The focus of the world on modernity took center stage in the 1965-1967 issues of The Guardian with closing of the Second Vatican Council and Pope Paul VI's call for peace and morality.
Bishop Albert L. Fletcher and those in the diocese continued work for peace as Pope Paul VI requested of the Church at large, including promoting race relations, ecumenism and interfaith dialogue.
Father John O'Donnell, then-assistant pastor at Our Lady of the Holy Souls Church, was elected head of the Greater Little Rock Conference on Religion and Race, according to the Jan. 8, 1966, issue.
Bishop Fletcher received "a brotherhood citation" at the Arkansas Brotherhood dinner sponsored by the National Conference on Christians and Jews, according to the May 27, 1966, issue.
New Subiaco Abbey continued its mission in Nigeria, despite growing political unrest there.
The tradition of mission work in Mexico, begun as a St. John Seminary summer project, continued for diocesan priest Father John B. Manchino. Bishop Fletcher loaned him to work in the mountain village of El Capulin.
The July 14, 1967, issue reported the close of the theology department, which was the final part of the seminary to close.
The Church, the council and the modern world
The Second Vatican Council came to a close with the fourth and final session in 1965. Bishop Fletcher traveled to Italy aboard the Italine Liner Raffaelo.
Bishop Fletcher continued his letter writing tradition that started when the council opened and continued weekly to the end.
"You already know that the council will close Dec. 8, the great feast of the Immaculate Conception. It will be a day of thanksgiving to the Holy Spirit for guiding the Council during these last four years. It is also a day of petition for light and grace and strength to carry out and fulfill the decrees of the council in a spirit of true conformity to the wishes of the Church," he wrote on Dec. 3, 1965.
Pope Paul VI addressed the United Nations during the fourth session of the Second Vatican Council. His call for peace stressed the importance of brotherhood and not politics. He also warned against emphasis on birth prevention as an answer to poverty.
After the council ended, the bishop began a new series of letters providing commentary on the council and its effects on Arkansas Catholics. His letters explained topics like ecumenism, Church authority on moral matters and the Holy Spirit and were intended to help Catholics study the documents of Vatican II.
"We should not be astonished to know even the Church, the Spouse of Christ, constantly needs renewal and reform ... She is his mystical body, of which he spoke when he said 'I am the head; you are the members.' We members of the mystical body are human beings and as such are not perfect and need constant renewal and reform," Bishop Fletcher wrote.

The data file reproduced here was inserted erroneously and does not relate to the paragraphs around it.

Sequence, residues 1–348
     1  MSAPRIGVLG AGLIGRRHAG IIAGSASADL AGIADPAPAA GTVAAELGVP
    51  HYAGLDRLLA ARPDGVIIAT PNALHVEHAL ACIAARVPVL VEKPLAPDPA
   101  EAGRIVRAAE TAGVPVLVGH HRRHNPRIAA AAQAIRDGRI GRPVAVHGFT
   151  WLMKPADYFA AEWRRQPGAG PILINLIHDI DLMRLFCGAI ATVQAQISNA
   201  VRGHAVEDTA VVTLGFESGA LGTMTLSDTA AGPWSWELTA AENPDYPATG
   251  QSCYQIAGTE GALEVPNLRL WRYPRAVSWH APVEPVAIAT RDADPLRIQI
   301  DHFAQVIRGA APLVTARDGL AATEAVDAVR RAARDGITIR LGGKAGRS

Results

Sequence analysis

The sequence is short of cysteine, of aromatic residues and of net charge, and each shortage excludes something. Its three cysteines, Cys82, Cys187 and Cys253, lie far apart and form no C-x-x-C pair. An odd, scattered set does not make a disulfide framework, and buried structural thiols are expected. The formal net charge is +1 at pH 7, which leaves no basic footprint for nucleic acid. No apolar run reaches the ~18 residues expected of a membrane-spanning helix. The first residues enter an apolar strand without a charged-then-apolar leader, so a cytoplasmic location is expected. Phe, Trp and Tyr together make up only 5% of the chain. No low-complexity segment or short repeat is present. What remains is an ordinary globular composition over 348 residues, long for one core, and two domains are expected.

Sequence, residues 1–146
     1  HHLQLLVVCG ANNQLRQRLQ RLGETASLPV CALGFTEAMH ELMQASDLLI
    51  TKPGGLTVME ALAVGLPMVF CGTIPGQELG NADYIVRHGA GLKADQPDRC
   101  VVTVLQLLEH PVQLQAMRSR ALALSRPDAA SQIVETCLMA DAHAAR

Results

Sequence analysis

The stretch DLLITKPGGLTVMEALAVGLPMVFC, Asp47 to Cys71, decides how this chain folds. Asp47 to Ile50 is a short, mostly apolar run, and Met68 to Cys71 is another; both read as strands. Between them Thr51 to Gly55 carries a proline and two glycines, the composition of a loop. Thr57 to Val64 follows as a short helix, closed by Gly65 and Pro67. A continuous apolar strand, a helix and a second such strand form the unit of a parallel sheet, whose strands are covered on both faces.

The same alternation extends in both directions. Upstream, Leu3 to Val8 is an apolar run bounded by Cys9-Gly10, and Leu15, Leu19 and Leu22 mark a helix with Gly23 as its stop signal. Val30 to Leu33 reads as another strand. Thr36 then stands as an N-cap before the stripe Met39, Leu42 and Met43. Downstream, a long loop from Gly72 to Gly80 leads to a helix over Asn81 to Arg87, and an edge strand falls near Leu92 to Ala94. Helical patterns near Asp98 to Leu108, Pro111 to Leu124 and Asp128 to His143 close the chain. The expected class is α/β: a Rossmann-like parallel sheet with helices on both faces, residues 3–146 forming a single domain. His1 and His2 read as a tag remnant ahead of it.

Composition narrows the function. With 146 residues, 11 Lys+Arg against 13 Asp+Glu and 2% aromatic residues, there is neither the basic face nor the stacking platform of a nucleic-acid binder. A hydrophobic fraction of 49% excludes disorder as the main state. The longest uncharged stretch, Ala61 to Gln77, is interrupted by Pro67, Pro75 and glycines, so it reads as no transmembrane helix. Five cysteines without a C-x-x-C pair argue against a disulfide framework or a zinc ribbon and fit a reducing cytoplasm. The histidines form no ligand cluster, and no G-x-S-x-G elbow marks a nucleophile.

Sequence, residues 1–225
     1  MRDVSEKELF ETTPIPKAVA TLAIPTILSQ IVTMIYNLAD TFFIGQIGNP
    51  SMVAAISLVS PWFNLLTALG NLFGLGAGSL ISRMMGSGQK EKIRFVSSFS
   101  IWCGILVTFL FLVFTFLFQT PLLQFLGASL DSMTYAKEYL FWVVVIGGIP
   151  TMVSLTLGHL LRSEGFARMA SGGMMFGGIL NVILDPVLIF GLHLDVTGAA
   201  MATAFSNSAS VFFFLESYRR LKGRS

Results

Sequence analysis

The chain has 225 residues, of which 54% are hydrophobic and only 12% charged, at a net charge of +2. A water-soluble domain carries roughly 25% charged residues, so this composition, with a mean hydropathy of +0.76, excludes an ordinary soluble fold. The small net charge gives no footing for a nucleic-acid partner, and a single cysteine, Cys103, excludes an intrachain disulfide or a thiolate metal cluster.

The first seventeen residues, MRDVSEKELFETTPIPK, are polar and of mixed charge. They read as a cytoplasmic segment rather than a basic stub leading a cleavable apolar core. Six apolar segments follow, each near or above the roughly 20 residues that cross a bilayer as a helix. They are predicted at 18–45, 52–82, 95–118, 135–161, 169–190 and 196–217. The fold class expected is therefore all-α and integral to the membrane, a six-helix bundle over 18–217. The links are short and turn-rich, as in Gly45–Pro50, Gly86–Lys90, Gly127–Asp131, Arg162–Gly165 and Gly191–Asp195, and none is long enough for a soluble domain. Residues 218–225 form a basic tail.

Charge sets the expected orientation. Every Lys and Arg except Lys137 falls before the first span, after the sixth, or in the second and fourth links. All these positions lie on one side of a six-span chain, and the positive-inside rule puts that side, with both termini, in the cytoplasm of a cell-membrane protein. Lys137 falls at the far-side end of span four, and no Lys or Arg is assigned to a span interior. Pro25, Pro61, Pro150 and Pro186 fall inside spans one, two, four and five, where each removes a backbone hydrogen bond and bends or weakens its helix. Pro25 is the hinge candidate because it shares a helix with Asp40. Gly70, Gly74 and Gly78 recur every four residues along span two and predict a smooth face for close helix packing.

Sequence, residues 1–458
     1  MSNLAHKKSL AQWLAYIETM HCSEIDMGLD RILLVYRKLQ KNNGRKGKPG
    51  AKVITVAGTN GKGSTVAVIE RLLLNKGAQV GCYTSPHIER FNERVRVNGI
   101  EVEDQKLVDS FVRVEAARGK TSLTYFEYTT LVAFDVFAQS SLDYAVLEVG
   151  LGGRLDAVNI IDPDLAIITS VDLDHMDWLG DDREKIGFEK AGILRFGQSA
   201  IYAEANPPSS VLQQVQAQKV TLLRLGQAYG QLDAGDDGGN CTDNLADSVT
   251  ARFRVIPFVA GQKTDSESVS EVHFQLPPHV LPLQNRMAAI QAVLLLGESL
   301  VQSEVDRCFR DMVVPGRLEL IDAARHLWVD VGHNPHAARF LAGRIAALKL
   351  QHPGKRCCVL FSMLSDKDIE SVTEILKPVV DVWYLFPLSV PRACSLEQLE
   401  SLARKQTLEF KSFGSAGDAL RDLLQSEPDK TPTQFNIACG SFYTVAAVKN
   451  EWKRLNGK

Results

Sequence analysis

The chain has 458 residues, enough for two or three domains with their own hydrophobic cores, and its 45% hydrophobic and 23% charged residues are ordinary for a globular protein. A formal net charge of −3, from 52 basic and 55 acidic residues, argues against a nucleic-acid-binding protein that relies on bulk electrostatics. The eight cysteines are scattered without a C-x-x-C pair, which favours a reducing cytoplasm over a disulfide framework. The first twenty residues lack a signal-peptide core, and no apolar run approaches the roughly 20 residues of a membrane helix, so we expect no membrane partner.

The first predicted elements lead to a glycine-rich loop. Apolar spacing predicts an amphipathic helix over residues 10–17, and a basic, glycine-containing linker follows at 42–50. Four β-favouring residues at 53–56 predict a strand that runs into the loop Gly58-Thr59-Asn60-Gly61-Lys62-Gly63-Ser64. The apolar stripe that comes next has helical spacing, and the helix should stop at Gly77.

The Guardian continued to report on changes resulting from the council sessions. The March 26, 1965, issue reported "Abbot, 12 monks concelebrate Mass at Subiaco Abbey." This was the first concelebrated Mass in Arkansas (outside of ordinations and episcopal celebrations).
The Red Scare
Communism was a serious threat to the Catholic faithful in countries like Russia, Poland, Vietnam, China and Cuba.
The struggle of Catholics in Vietnam made regular headlines. In Jan. 1, 1966, issue, it said "Catholic village repels strong Viet Cong attack; Arkansan aids in fight." The 6,000 Catholics in Binh Gia had Sunday Mass in peace less than 12 hours after Vietnamese Rangers drove a communist Viet Cong force from the village. "No one showed more glee than the Buddhist province chief, Lt. Col. Dat, who with his American advisors, one an Arkansan, [led] the fight to relieve captured Binh Gia."
While still violent in countries like Vietnam, the Communist takeover of society in other countries was more under wraps.
Priests and religious still disappeared -- either killed, tortured or "re-located" to work camps, but often it was a more discreet war on religion.
Churches were converted into museums and public buildings with exhibits denigrating clergy and religious tradition.
Bishop Fletcher voiced a warning about communism in his speech at the Arkansas Brotherhood dinner. We "cannot compromise with communism. We cannot co-exist with those whose avowed purpose is to bury us," he said in the May 27, 1966, issue.
The Arkansas Knights of Columbus created an education program about communism and the tactics used to spread it. The program was distributed on a set of tapes, and gained worldwide attention as reported on March 17, 1967, "Arkansas anti-communist project goes international."
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